| Politics |Kıbrıs Postası



There is a frequently used expression in English, ‘I told you so’.

It translates into ‘I said so’ in Turkish but this doesn’t give the exact meaning.

It means I told you in advance this would happen, you didn’t listen, and now what I said has come true.

Yesterday People’s Party MPs Ayşegül Baybars and Jale Refik Rogers announced that they resigned from their party.

Actually, this was nothing more than the formalisation of the existing situation but some reporters, chose to go with the headline, earthquake within HP [Peoples Party], in an attempt to portray the issue as an unexpected development which shook the party from its roots. But, the deputies in question no longer belonged to the party, nor did the party have any deputies anymore. Following the decision taken by [HP leader] Kudret Özersay for the party to return to Sine-i Millet [Translators note: term used to describe mass resignation of a partys MPs from parliament and the resuming of politics amongst the people; a form of protest after exhausting all means of democracy], all relations were severed, the party was left without MPs and those who chose to remain as MPs were left without a party.

Yesterday’s development was nothing more than a declaration of what was known.

So coming back to the part about ‘I told you so’.

When rumours first started circulating that the People’s Party was going to be formed, I had written a column stating that ‘Kudret Özersay shouldn’t attempt to form a party if there weren’t another 49 like him. [Translators note: reference to number of seats in the assembly] I knew that Kudret Özersay would have a dominating impact on the people around him because of his character, knowledge and his aptitude. The momentum gained after the presidential election and what the Hoca [Translators note: Özersay is referred to as Hoca (teacher) due to his academic background] was advocating, seemed inspiring to those around him and his staff, and sounded very good to the public.

In fact, the first member of his staff, who he got rid of, had told me back then, ‘This community needs Kudret Hoca.’ Let’s put it this way, the loyalty towards him was to the level of worship. The Hoca was making statements and the winds of populism brought by the political conjuncture and his followers were glorifying him even further.

Does the community need Kudret Özersay? Of course, it does.

We don’t have many people who approach the Cyprus Issue more rationally, who can look at the issue more comprehensively and who are considered worth listening to by the international community. That is why we need the Hoca but he failed to meet society’s expectations of solving issues outside of the Cyprus problem through the political party he formed.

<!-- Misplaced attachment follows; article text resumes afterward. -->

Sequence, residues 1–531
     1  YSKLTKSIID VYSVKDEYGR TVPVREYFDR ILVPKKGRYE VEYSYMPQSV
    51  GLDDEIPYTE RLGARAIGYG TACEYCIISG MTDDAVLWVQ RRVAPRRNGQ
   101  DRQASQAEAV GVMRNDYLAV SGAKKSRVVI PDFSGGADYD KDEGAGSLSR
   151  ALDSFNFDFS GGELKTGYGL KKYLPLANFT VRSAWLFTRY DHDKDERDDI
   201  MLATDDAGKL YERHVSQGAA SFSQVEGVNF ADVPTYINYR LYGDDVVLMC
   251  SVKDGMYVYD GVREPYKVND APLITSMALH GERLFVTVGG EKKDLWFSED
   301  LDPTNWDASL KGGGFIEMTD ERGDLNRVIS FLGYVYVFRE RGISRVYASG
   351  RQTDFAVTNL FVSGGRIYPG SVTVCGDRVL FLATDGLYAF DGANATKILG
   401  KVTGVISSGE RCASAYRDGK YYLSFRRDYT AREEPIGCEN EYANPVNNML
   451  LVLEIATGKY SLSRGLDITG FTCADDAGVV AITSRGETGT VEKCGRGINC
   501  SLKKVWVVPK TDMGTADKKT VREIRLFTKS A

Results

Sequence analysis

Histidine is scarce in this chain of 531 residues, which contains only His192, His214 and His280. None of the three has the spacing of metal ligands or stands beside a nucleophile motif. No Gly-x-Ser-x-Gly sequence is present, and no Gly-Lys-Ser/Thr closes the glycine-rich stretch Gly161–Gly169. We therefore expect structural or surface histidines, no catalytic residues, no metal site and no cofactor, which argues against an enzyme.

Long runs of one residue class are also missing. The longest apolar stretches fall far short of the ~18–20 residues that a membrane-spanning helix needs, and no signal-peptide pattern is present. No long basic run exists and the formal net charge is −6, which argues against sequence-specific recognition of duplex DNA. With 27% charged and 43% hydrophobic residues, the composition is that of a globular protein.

I’m not even mentioning all that he offended.

However, when the honeymoon ended and the time came to take and implement bitter decisions, the followers abandoned the sheikh. And it was clear from the beginning that they would because the sheikh’s path was different from that of his followers.

Things took a different turn when the sheikh complained, ‘these followers don’t understand me,’ and when the followers started questioning ‘I wonder if the sheikh is using us?’

We had pointed these out from the very beginning.

That Kudret Özersay was a precious person but, either he was a cut above for politics in the TRNC or vice-versa. In the end, just as the shirt did not fit the Hoca, it also did not fit or was never going to fit the party that he set up and ran, a little by getting those around him to praise the decisions he took on his own.

And today, there is a nostalgic setting where we can say ‘Once upon a time there was a party called the People’s Party‘.

The only thing I can say at this point is, ‘I told you so’



Rasıh Reşat is a London-born Turkish Cypriot journalist, columnist and TV Commentator. He has run various newsrooms in his career of nearly three decades. He is mostly known for his on-the-ground coverage of the Cyprus Summits over the years. He currently is producing and presenting a daily commentary programme for Haber Kıbrıs and writing a regular column for Kıbrıs Postası. Rasıh Reşat, has a Masters degree in Political Communication and is currently working on his PhD on political science. He is also teaching at the Journalism Department at a university in Cyprus.

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